El Capitan, Bridalveil Fall, Half Dome, Tioga Pass, these are landmarks within a landmark; exclamation points in the wild, galloping beauty of Yosemite National Park.
Yet, marvel abounds everywhere in Yosemite, in both big ways and small. For the next few days, the park will have the focus of many of the world’s most enthusiastic nature and travel photographers.
Shutterbugs are gathering to photograph a slender, unpretentious fall of water known as Horsetail. For only two weeks in mid to late February, when the conditions are just right, the sun set makes the water glow orange like lava draining from a fissure in the granite.
This spectacle is so rare and so fleeting, for a long time it was barely known. A strict set of conditions needs to be met. If the season hasn’t produced enough rain or snow melt there won’t be sufficient water to feed the fall and the often stormy February sky has to be clear just as the sun is producing its lowest angle of light. At that angle, the light reflects off the granite behind the fall, to produce a liquid sunset.
Once the stage is set, for two brief minutes, the horsetail becomes a blazing fire-fall, and then it is extinguished again.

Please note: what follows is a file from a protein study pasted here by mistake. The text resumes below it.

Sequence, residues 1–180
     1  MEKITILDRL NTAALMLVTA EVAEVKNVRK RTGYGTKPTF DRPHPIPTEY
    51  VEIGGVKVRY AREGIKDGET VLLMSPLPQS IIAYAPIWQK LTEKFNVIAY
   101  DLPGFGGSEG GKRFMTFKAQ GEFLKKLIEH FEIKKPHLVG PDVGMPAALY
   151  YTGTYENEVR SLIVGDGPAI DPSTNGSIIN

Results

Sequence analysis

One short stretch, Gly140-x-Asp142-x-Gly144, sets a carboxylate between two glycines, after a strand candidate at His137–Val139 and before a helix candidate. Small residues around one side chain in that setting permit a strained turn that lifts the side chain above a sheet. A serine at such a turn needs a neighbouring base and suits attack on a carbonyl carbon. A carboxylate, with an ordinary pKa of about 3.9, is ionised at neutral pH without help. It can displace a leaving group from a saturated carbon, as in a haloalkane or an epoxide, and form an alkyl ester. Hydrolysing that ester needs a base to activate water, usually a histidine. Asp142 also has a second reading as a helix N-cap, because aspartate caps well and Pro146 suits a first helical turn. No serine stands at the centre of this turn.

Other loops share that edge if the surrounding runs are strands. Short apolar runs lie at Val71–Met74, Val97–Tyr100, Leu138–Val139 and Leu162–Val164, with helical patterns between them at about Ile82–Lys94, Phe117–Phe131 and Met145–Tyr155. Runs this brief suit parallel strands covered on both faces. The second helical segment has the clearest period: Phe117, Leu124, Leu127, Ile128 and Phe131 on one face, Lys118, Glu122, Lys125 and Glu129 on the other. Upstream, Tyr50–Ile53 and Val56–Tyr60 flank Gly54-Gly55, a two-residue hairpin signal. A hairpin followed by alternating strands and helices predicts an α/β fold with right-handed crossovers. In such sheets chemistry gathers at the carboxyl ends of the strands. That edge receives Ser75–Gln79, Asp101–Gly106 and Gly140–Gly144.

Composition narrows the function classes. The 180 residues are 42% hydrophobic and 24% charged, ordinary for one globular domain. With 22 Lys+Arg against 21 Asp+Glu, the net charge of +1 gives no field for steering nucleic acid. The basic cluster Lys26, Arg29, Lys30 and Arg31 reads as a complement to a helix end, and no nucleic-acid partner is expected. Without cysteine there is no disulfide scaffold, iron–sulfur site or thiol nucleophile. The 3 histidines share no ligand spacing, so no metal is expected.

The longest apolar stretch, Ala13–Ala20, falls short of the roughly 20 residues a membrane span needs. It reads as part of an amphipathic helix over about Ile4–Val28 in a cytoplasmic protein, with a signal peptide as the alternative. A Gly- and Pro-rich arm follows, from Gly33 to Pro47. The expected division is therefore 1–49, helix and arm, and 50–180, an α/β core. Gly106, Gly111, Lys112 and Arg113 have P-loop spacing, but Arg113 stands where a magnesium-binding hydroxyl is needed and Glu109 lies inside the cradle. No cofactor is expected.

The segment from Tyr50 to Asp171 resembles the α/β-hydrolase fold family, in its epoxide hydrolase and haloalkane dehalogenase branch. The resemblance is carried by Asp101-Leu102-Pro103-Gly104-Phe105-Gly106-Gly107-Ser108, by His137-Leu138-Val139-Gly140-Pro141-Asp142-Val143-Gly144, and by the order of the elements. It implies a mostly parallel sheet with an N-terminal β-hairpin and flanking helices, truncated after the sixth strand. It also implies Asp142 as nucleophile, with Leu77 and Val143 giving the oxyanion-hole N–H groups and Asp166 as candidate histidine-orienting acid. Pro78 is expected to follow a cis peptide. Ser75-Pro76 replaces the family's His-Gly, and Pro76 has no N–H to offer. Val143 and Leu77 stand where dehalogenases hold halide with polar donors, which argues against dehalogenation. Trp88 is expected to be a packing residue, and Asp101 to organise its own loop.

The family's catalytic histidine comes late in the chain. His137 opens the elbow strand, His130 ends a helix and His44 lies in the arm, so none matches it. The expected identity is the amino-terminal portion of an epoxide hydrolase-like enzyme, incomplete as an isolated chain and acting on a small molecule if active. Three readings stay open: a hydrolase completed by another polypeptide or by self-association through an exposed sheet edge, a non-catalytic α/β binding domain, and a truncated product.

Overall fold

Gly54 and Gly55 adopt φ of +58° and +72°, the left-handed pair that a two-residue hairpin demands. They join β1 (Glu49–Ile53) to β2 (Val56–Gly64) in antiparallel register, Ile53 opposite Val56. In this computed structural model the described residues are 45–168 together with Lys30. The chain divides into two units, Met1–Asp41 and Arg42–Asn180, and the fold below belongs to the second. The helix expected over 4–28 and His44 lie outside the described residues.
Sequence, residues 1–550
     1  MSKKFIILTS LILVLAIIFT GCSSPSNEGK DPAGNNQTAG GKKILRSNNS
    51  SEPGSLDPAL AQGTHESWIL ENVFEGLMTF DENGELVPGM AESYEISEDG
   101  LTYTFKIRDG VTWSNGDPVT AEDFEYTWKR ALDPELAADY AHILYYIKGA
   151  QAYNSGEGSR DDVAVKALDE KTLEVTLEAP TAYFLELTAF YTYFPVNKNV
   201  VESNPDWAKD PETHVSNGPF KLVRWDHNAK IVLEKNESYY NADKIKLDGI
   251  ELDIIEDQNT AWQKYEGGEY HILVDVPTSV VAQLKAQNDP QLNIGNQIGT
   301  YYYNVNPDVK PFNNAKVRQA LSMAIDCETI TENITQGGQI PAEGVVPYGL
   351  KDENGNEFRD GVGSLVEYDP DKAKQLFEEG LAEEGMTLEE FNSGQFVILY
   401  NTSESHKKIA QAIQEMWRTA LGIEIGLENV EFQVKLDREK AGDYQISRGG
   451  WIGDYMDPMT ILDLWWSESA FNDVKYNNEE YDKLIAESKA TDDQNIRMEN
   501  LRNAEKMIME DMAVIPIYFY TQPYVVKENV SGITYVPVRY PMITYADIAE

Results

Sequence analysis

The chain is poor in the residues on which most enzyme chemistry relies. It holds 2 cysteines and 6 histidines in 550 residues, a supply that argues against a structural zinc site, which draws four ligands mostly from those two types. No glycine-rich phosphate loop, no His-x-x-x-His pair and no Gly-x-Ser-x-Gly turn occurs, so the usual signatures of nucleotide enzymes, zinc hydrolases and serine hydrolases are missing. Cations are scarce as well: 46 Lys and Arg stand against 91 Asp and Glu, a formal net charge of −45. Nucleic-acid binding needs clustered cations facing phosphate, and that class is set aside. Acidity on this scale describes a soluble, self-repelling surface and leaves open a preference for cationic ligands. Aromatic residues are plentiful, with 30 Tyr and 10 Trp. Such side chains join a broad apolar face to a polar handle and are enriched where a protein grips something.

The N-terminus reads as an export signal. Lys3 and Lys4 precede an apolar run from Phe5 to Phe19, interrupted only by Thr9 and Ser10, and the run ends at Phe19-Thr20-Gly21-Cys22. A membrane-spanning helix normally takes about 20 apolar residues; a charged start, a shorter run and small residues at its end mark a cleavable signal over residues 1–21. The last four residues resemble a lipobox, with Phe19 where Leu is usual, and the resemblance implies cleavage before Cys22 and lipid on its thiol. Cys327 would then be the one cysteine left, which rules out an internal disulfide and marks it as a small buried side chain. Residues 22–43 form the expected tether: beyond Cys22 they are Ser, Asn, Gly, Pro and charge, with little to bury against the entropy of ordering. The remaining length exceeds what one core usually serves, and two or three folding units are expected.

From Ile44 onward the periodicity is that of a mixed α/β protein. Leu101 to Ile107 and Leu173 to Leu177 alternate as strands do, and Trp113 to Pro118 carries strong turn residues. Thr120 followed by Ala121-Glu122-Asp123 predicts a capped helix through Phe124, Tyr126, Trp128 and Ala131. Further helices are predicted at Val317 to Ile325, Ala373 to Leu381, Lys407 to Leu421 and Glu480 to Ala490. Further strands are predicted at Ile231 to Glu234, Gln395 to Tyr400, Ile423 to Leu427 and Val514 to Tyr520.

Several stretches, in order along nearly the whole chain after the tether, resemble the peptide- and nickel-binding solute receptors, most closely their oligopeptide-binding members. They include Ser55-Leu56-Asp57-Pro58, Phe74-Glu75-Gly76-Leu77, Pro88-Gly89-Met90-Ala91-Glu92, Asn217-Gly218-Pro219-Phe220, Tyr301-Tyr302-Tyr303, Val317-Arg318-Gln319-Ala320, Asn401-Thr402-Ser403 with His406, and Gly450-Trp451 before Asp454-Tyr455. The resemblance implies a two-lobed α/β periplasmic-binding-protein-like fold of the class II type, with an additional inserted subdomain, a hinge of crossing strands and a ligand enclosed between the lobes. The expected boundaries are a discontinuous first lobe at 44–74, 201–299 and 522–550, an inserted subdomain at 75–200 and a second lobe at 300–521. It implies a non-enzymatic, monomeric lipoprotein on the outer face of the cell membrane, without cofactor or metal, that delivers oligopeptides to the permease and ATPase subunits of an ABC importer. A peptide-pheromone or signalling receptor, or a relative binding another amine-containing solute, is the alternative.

Renowned Yosemite photographer Ansel Adams immortalised the Horsetail, but in his ubiquitous medium of black and white. No fire-fall in his pictures. Come on Ansel!
The Horsetail was first captured in its full colour glory by acclaimed nature photographer Galen Rowell, in 1973. Since then, others have been trying to recreate the magic caught by his lens. The internet has enlarged the community of tripod toters massively in recent years.
To see Horsetail Fall turn to lava, you’ll need to be in Yosemite during the two week period ending February 24th. Rendezvous at the El Capitan picnic area before sunset. The paparazzi meet there and then vie for position. Alternatively, just look for the gaggle of tripods and you’ll know you’re on the right track.
You are looking for a vantage point from which you can see the eastern summit of El Cap. Spilling from the top of this massive rock, Horsetail Fall boasts the longest freefall of any of Yosemite’s waterfalls.
It pours over the side of El Capitan to strike the granite 1,500 feet below and then flows over for a further 500 foot drop.
“Horsetail is so uniquely situated that I don’t know of any other waterfall on earth that gets that kind of light,” say Michael Fraye, photo instructor with the park’s Ansel Adams Gallery.
Yosemite is a diva, and she’s used to glamorous photo shoots. The lava show at Horsetail Fall is just a little something extra she tosses in for those who are paying attention. Enjoy– Jen R, Staff Writer